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January 30, 1991 - Image 4

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The Michigan Daily, 1991-01-30

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Page 4 - The Michigan Daily - Wednesday, January 30, 1991
WIie Idhrb4an &IIQ
EDITED AND MANAGED ICY STUDENTS
AT THE UNIVERSITY OF MICHIGAN

420 Maynard Street
Ann Arbor, Michigan 48109

4

NOAH FINKEL
Editor in Chief

DAVID SCHWARTZ
Opinion Editor

Unsigned editorials represent a majority of the Daily's Editorial Board. All other cartoons,
signed articles, and letters do not necessarily represent the opinion of the Daily.
Fro the Daily
-iulf conflict
Officials downplayed possibility of a ground war

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A
WHEN THE BOMBING OF IRAQ
began two weeks ago, both the Bush
administration and the media were
euphoric. The war, the American
public was told, was going splendidly.
News from the Gulf could not be
petter. But as the sand swirling amidst
the first news of Operation Desert
Storm began to settle, it became
ihcreasingly apparent that both the
White House and the Pentagon had
grossly understated what they, and the
American public, were up against.
Now, as President George Bush,
Defense Secretary Richard*Cheney,
and Chair'of the Joint Chiefs of Staff
Colin Powel continue to backtrack on
their earlier statements - and the ex-
perts in Washington crow ever louder
about the "need" for a ground war - it
is time to state the truth. The American
people have been manipulated and lied
to - both before and since the bomb-
ing began - about what kind of war
this is and how long it might last.
If Bush and Powel had warned
Americans three weeks ago that the

conflict could last an indefinitely long
period of time, it is unlikely that the
American people would have been so
supportive of the war. Before the con-
flict began, rhetoric about a short, de-
cisive victory emanated from
Washington. The American public was
led to believe that this would be another
"Operation Just Cause" like the inva-
sion of Panama: minimal American
casualties and little American pain.
Few Americans can grasp how
catastrophic this war might be. Fewer
still have been allowed access to the
full range of information necessary to
gauge the Bush Administration's real
reasons for our presence in the Gulf.
It is not too late to stop the bomb-
ing, stop the war, and give sanctions or
negotiations time to work. At the very
least, the American people deserve the
right to participate in a free and open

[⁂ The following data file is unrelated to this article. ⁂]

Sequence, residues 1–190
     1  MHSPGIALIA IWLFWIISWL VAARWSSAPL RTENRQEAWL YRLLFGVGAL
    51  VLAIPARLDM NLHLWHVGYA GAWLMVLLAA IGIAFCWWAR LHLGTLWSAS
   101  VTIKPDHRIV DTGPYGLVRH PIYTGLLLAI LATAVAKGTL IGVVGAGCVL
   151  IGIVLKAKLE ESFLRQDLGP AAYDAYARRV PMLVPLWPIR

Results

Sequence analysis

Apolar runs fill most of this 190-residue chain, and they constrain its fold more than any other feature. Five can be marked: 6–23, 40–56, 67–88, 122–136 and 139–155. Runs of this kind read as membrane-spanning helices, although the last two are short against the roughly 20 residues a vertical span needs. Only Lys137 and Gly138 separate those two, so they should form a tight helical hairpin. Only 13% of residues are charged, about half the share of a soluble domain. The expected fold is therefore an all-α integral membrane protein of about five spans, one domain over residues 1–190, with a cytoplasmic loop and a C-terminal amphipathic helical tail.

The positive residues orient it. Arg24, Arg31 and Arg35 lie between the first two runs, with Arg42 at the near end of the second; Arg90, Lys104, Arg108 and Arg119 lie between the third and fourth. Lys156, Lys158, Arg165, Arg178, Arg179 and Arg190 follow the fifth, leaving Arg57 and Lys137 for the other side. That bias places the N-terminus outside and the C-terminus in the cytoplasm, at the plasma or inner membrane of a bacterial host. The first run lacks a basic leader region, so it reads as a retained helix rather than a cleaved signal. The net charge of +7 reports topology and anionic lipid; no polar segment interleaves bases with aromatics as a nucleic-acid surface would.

debate about our President's course of
action - before such activities include
the deaths of thousands more Ameri-
can and Iraqi soldiers and civilians.

Amnesty International responds to Bush's letter

Military research
'U' should disclose information about projects

By John G. Healey
Clear facts. Black and white. Unam-
biguous choice. These are the terms
President Bush used in the letter he sent
to over 450 college and university
newspapers two weeks ago. The subject
was Iraqi occupation of Kuwait. The
object was to prepare young people for
military confrontation in the Persian
Gulf.
The letter cited Amnesty
International's recent report on Iraq as
evidence to support the administration's
position. Perhaps presidential advisers
know that Amnesty volunteer groups are
now active on more than 2,600
campuses in this country. I hope the
administration will soon learn that
Amnesty members and other student
activists cannot be misled by
opportunistic manipulation of the
international human rights movement.
Amnesty published its report on the
Iraqi government's gross human rights
violations for one purpose: to advance
the protection of human rights. By
publicizing such abuses, the. movement
generates public pressure and
international protest. The American
public should not tolerate selective
indignation by its own government. We
can teach our political leaders that
people's human rights are not conve-
nient issues for rhetorical arsenals.
When taken at face value, President
Bush's condemnation of torture and
Healey is the Executive Director of
Amnesty International USA.

political killings by Iraqi authorities
appear laudable. Violations of basic
human rights should arouse indignation
and inspire action to stop them. The
matter becomes less "clear" and
"unambiguous," however, in light of two
questions: Why did our President remain
mute on the subject of the Iraqi
government's patterns of severe human
rights abuses prior to August 1990? Why
does he remain mute about abuses
committed by other governments, our

If President Bush is sincere about "desperately
want(ing) peace" and if he wishes to remove
ambiguity from his invocation of "moral obligation,"
then let him be consistent in his concern for human
rights.

Tomorrow's tensions in the region may
well be mapped by the human rights,
records of our long-term "friends," such
as the Saudi Arabian government, and
new-found "friends," such as the Syrian
government. We've heard little from the
U.S. government in recent years about
the appalling tactics of repression used
in Saudi Arabia and Syria.
President Bush's selective-
indignation over Iraq's abuses in Kuwait
undermines the norms of "human

so-called coalition partners in the re-
gion?
Iraqi soldiers' behavior in Kuwait
does not constitute a sudden shift to the
brutal side. There was no presidential
indignation, for example, in 1989, when
Amnesty released its findings about the
torture of Iraqi children. And just a few
weeks before the invasion of Kuwait,
the Bush administration refused to
conclude that Iraq had engaged in a
consistent pattern of gross human rights
violations.
If U.S. policies before August 1990
reflected concern about the Iraqi govern-
ment's human rights record, our country
might not be digging in for war today.

decency" he touts in his letter to
campus newspapers. Exploiting human
rights to justify violent confrontation is
itself indecent.
Amnesty International takes no posi-
tion on the territorial disputes now
raging in the Persian Gulf. But we do
support international coalition-building
to prevent all egregious human rights
violators from conducting business as
usual. If President Bush is sincere about
"desperately want(ing) peace" and if he